Doing better isn’t about one single thing. Heaven knows it’s not just about having the newest technologies. We have those aplenty. It’s about finding highly repeatable methods in analytics so that we can drive improvement without rock-stars. It’s very much about re-thinking the way the organization is setup so that analytics is embedded and operationalized. It’s even more about finding ways to re-tool our thinking so that agile concepts and controlled experimentation are everywhere.

Most companies still need a blueprint for how to turn analytics into increased productivity. That’s what this series on digital transformation is all about.

If you haven’t yet had the opportunity to spin through my 20min presentation on transforming the organization with analytics – check it out.

After all, productivity is our business.

3 thoughts on “Productivity is Our Business. And Business isn’t Good”

  1. I may venture a fourth explanation. It’s probably a case of apples and oranges, of mixing macro-economics and micro-economics. Of confusing productivity measurement of white collars, blue collars etc. Not to mention that the term “digital” is very difficult to define and that very fact makes the whole measurement of it dubious unless one focuses on a precise area. Last but not least, the idea of “production” for while collars isn’t appropriate because most of what knowledge workers produce is hard to measure to say the least (unless they are consultants and their production is made of proposals and revenue). It may make sense to measure productivity gains with regards to a particular population and knowing exactly what one measures (even that is difficult) but trying to measure macro-economically apples and oranges and deciding what impact “digital” (where does it start, where does it end?) is going to take for ever and probably lead to nothing and all. There’s probably one way of drawing a proper conclusion and that’s to wait for 100 years (IR spanned 1870-1970 approx.) and weigh masses and compare and then, we might (I’m cautious here) be able to tell whether something did or didn’t happen. As I can’t afford to wait until 2070 my suggestion would be to try more discreet analyses such as the one Frost & Sullivan attempted 10 years ago on Web conferencing and its impact at company level. That was probably more anecdotal but at the same time a lot more interesting.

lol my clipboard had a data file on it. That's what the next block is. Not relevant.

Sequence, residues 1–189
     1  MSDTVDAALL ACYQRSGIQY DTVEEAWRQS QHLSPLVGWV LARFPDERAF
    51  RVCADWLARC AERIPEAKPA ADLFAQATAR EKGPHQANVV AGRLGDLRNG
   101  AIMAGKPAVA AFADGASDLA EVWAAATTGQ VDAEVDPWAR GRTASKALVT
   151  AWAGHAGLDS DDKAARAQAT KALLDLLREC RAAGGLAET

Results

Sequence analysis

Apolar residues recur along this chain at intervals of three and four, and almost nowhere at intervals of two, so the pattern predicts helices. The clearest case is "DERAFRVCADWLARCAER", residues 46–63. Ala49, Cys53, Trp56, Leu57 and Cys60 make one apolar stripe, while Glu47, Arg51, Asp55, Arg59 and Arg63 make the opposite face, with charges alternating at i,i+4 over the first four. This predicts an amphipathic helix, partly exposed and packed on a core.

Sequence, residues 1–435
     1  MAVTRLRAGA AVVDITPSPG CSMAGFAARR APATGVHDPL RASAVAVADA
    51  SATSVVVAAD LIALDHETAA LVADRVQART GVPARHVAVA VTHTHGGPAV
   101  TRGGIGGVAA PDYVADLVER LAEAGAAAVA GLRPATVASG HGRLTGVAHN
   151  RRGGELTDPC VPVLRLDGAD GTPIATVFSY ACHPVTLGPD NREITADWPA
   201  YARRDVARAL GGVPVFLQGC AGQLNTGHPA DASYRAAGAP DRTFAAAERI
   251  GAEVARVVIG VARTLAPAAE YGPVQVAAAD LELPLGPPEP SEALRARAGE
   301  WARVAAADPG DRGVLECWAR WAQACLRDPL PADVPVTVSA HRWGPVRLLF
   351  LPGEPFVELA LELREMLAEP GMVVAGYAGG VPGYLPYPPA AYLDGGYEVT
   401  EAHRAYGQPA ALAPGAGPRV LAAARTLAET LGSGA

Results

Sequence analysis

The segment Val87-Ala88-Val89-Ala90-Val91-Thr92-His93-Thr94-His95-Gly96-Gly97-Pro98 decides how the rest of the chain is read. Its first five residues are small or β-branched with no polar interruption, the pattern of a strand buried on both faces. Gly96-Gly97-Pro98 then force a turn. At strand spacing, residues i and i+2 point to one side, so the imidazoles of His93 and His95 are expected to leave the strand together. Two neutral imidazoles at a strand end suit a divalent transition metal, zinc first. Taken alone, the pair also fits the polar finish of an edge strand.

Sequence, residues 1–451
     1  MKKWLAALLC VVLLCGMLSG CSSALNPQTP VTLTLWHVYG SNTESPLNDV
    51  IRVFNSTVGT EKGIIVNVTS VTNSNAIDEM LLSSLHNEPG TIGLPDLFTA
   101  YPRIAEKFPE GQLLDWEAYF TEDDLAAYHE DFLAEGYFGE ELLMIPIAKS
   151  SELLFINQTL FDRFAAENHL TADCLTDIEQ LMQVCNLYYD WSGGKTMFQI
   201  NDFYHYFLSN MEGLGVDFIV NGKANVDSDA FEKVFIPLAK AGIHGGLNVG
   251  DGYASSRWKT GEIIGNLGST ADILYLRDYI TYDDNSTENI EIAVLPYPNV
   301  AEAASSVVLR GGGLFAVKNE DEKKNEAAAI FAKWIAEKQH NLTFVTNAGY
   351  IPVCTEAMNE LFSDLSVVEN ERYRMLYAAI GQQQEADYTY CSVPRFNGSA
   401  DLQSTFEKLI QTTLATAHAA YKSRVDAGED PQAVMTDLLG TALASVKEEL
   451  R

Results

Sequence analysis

2. I’m kinda bummed out by your coverage of this article, being an analytics blog and all.

    The key question to ask here is how is productivity measured. I will spare you the guessing game. It is measured by output divided by hours work. What is output? Price of goods sold. So what happens when cost of the goods we sell drops? For example, the price-per-transistor (transistors are very important, ubiquitous things) has dropped 100,000 times in the last 20 years.

    Measuring productivity by money spent on goods is kinda missing the point IMO. There are other factors, of course, but I will stop here, saying that theory #1 does not come close to the truth, while theory #2 and #3 are the major themes along with the necessary and unavoidable transfer of wealth to Asia.

    1. There’s no doubt that examples like transistors exist – but the folks who measure productivity actually try pretty hard to account for those kind of examples. What’s more, you’ll see that the trends are by no means consistent through the last twenty years – when a vast amount of that technical improvement has occurred. Are those productivity distortions growing and insufficiently accounted for? Maybe, but I don’t think it’s a slam dunk case for that in the last 5 years. In fact, I think that a much stronger argument existed for that in the first decade of the 20’s when we really saw incredible improvement in technology pricing but also saw significant productivity growth.